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The Elicitation of Relaxation and Interoceptive Awareness Using Floatation Therapy in Individuals With High Anxiety Sensitivity.

  • Author(s): Feinstein, Justin S
  • Khalsa, Sahib S
  • Yeh, Hung
  • Al Zoubi, Obada
  • Arevian, Armen C
  • Wohlrab, Colleen
  • Pantino, Marie K
  • Cartmell, Laci J
  • Simmons, W Kyle
  • Stein, Murray B
  • Paulus, Martin P
  • et al.
Abstract

Background

Floatation-REST (Reduced Environmental Stimulation Therapy), an intervention that attenuates exteroceptive sensory input to the nervous system, has recently been found to reduce state anxiety across a diverse clinical sample with high levels of anxiety sensitivity (AS). To further examine this anxiolytic effect, the present study investigated the affective and physiological changes induced by Floatation-REST and assessed whether individuals with high AS experienced any alterations in their awareness for interoceptive sensation while immersed in an environment lacking exteroceptive sensation.

Methods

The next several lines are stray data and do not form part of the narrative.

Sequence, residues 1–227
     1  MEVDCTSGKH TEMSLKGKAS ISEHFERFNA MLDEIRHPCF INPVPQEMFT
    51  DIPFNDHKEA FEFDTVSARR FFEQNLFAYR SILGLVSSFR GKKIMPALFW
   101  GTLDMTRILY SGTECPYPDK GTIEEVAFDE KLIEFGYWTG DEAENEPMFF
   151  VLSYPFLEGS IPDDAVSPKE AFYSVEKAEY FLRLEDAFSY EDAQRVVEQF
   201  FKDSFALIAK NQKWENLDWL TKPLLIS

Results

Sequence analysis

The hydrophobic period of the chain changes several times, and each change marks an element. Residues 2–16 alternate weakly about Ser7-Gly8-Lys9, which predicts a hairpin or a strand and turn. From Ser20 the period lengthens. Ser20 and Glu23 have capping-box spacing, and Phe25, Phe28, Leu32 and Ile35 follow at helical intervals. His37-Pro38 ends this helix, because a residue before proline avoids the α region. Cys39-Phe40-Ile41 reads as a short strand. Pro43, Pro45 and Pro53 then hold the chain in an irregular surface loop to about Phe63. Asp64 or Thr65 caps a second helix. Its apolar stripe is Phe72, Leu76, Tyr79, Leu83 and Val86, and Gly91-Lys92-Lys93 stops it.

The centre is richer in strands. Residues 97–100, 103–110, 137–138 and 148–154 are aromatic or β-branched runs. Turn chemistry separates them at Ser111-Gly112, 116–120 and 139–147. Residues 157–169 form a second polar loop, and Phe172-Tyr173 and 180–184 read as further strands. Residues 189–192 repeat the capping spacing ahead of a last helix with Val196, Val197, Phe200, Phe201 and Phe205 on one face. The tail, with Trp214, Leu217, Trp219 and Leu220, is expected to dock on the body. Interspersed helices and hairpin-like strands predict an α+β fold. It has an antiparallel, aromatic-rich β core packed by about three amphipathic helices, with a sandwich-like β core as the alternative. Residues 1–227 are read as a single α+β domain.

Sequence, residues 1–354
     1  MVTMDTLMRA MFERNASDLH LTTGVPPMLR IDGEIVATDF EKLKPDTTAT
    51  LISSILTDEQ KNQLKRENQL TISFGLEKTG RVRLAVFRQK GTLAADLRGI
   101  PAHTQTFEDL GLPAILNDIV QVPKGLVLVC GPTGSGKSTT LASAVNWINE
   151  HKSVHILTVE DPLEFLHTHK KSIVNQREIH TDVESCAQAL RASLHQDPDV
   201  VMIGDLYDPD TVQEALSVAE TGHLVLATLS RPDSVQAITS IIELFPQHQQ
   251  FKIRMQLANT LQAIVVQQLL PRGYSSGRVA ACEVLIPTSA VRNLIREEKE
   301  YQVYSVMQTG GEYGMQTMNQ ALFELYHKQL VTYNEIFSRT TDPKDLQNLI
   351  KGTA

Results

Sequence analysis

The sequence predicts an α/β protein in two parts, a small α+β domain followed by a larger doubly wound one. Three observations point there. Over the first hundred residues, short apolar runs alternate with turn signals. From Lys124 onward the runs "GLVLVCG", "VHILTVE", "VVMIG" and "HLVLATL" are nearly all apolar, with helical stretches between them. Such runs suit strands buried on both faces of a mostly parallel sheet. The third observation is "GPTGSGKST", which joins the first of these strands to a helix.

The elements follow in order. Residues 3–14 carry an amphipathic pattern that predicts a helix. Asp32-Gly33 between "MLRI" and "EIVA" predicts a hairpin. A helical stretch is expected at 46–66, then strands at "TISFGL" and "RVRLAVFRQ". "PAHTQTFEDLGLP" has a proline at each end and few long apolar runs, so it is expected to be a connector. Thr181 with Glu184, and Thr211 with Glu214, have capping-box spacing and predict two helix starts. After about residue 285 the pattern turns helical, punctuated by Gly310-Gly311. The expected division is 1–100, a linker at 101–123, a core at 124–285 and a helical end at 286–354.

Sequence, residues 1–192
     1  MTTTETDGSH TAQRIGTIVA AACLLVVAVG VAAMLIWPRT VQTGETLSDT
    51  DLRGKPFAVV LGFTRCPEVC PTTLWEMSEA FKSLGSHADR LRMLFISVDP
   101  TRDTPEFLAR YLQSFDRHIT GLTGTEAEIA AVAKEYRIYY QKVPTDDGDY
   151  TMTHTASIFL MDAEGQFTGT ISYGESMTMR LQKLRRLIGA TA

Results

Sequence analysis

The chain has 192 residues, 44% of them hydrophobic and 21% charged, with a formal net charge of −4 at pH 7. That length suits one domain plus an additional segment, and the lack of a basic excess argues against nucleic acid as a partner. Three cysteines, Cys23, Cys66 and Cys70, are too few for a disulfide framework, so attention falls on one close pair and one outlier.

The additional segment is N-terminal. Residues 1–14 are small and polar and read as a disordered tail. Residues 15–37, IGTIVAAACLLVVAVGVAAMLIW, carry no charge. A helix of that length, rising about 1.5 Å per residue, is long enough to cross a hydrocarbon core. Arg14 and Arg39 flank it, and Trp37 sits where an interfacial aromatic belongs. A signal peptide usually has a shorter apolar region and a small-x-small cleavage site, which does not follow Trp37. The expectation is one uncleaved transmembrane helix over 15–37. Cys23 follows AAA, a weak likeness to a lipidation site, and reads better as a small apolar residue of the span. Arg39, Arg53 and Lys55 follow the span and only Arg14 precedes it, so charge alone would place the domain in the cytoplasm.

Using a within-subject crossover design, 31 participants with high AS were randomly assigned to undergo a 90-minute session of Floatation-REST or an exteroceptive comparison condition. Measures of self-reported affect and interoceptive awareness were collected before and after each session, and blood pressure was measured during each session.

Results

Relative to the comparison condition, Floatation-REST generated a significant anxiolytic effect characterized by reductions in state anxiety and muscle tension and increases in feelings of relaxation and serenity (p < .001 for all variables). Significant blood pressure reductions were evident throughout the float session and reached the lowest point during the diastole phase (average reduction >12 mm Hg). The float environment also significantly enhanced awareness and attention for cardiorespiratory sensations.

Conclusions

Floatation-REST induced a state of relaxation and heightened interoceptive awareness in a clinical sample with high AS. The paradoxical nature of the anxiolytic effect in this sample is discussed in relation to Wolpe's theory of reciprocal inhibition and the regulation of distress via sustained attention to present moment visceral sensations such as the breath.

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